Retro Review: Super Mario Bros. 3

Super Mario Bros. 3 takes the mechanics of the original Super Mario Bros. and builds upon them in countless new and fun ways. The result is a very tight game with a huge variety of ideas, none of which ever overstays its welcome.

The most obvious change in SMB3 over its predecessors is the number of powerups. The Fire Flower returns, accompanied by the Super Leaf that turns you into Raccoon Mario. This power provides Mario with a tail to swipe enemies with, which is also inexplicably used to fly for short periods. It also lets Mario control his descent in mid-air, which may be its most practical benefit. It’s either that or the sprite.

In addition to the two basic powerups, there are three rarer “suits” that Mario can find. The Frog Suit gives you excellent control underwater, though not on land, giving it only situational use. The Tanooki Suit is Raccoon Mario with the added power of turning into an invincible statue. And the Hammer Bros. suit lets you throw hammers and duck to block fireballs. With hammers that can defeat almost any enemy, it’s one of the most fun powerups in the entire series. Sadly, it appears only late in the game, and even then only rarely.

Once again, Mario is traversing 8 worlds, but this time each has a distinct theme. Indeed, you can probably blame SMB3 for the number of desert and ice worlds in video games to this day. That ice world in particular is really hard and less fun than most of the others, except maybe the water world. But the game also includes a world where the enemies and terrain are gigantic, and a pipe- and piranha plant-themed world that has some of the most creative and fun (not to mention hard) levels in any game, let alone Mario.

One of the reasons SMB3 holds up so well is that almost every stage is given a particular idea to run with, and these rarely repeat. The stages tend to be very short, and there are plenty of them, so you’ll never get bored. If you get stuck on a difficult stage, you can use one of the various items the game provides, some of which let you skip stages in various ways. My only real complaint is that there’s no way to replay a completed stage short of getting a game over or resetting the game entirely.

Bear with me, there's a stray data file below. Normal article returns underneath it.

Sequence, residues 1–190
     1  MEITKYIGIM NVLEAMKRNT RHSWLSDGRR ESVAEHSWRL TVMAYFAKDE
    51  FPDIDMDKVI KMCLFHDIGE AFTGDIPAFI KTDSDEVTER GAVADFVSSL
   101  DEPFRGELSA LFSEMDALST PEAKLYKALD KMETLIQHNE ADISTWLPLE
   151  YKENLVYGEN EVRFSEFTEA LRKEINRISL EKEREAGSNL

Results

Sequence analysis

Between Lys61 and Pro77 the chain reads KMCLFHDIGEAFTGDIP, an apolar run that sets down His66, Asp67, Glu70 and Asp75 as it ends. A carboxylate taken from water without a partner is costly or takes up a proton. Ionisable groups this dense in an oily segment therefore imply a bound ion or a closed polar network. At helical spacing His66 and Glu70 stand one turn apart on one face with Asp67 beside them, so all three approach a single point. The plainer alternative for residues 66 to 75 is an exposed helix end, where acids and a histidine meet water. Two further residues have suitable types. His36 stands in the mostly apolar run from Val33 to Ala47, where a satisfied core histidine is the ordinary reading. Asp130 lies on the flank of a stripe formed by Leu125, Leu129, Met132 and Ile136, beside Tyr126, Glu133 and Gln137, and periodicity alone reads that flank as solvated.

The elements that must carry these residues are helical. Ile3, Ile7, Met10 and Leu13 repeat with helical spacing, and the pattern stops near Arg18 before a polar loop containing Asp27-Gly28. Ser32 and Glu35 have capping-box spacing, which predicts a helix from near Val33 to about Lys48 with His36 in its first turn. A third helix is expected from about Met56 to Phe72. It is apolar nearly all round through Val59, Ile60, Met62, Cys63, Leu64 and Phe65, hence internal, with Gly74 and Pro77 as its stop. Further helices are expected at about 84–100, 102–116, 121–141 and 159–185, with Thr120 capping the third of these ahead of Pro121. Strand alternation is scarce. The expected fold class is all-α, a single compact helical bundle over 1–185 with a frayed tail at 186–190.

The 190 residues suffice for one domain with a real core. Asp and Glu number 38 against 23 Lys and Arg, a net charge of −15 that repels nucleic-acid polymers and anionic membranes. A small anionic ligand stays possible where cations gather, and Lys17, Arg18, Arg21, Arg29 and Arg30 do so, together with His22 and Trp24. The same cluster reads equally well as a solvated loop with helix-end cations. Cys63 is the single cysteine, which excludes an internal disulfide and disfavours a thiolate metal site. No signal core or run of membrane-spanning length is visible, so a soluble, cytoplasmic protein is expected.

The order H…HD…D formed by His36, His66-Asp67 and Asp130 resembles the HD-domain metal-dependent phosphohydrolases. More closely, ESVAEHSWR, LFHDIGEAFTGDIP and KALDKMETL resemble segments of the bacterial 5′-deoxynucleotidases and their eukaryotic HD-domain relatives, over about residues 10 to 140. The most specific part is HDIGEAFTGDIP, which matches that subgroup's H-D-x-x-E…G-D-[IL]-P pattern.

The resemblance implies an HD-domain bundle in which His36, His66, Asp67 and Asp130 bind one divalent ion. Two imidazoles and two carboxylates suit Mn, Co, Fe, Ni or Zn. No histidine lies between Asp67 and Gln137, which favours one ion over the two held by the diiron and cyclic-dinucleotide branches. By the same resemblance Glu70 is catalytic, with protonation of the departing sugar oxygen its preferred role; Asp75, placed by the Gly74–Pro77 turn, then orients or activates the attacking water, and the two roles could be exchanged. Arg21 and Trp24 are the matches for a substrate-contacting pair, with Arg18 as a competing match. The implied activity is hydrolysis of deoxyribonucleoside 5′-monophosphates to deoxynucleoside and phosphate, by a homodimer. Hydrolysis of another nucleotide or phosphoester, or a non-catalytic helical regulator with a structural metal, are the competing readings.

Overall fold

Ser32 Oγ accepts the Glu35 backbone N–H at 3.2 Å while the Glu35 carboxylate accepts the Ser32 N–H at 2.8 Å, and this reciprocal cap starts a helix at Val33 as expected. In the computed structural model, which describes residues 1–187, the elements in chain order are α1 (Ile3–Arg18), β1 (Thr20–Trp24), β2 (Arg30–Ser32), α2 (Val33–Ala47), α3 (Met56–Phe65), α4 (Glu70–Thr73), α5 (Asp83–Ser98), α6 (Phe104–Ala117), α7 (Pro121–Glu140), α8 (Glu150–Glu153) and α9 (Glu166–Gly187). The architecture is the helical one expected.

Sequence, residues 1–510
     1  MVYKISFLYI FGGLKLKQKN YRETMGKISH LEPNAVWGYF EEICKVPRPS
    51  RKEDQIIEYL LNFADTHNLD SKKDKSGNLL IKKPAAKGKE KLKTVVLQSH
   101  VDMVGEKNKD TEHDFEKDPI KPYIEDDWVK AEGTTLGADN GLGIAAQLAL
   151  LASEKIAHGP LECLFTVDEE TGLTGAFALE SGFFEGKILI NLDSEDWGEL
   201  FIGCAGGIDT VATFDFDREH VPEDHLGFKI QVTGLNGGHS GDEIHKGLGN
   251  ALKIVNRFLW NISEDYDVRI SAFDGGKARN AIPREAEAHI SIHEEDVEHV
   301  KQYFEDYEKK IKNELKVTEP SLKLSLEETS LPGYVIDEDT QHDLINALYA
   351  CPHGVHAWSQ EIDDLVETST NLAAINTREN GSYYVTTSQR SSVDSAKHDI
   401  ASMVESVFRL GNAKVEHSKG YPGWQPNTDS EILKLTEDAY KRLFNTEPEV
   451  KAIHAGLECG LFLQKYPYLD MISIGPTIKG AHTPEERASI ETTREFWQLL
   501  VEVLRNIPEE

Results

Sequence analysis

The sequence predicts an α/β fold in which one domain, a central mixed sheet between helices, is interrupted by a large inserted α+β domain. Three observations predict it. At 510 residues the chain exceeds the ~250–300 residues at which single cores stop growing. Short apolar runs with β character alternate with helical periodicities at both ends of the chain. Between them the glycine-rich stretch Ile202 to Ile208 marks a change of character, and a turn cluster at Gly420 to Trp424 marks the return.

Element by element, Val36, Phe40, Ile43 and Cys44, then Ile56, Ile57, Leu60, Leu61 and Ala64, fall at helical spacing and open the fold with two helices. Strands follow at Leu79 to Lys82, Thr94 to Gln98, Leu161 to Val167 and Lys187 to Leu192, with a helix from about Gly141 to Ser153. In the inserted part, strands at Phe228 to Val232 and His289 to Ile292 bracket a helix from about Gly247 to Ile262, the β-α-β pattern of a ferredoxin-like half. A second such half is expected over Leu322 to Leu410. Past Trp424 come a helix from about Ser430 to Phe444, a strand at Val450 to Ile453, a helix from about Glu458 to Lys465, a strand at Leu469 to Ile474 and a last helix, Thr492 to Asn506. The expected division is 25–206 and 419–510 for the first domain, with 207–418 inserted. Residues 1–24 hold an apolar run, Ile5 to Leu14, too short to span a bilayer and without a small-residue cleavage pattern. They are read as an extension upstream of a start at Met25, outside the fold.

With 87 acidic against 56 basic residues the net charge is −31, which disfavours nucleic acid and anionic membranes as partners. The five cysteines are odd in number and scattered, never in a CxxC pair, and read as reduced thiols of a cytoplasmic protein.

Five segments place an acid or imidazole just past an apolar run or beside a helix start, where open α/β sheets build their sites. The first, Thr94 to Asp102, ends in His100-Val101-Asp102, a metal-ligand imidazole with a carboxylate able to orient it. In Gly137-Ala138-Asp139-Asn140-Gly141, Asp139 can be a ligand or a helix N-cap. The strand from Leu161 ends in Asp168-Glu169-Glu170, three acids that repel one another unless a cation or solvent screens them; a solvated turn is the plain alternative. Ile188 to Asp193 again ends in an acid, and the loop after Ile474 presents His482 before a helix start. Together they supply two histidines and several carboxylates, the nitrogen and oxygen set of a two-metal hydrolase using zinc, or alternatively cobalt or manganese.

Game overs are particularly interesting in SMB3, because certain castle stages act as pseudo-save points. If you restart a world, these levels remain complete and you can usually skip right to their location on the map. However, playing the game straight through even without continuing takes several hours, and there are no save files or passwords to help you. The game does provide the ability to warp to any stage rather early on, which can be used as something like a save file.

Unlike many classics, I can’t really say that Super Mario Bros. 3 is more than the sum of its parts. But its parts are amazing, and their sum is quite great as it is. Nintendo just made the game fun in a way many other developers have never quite managed. It’s a philosophy that would continue to serve the series well for a very long time.

Review Score: A−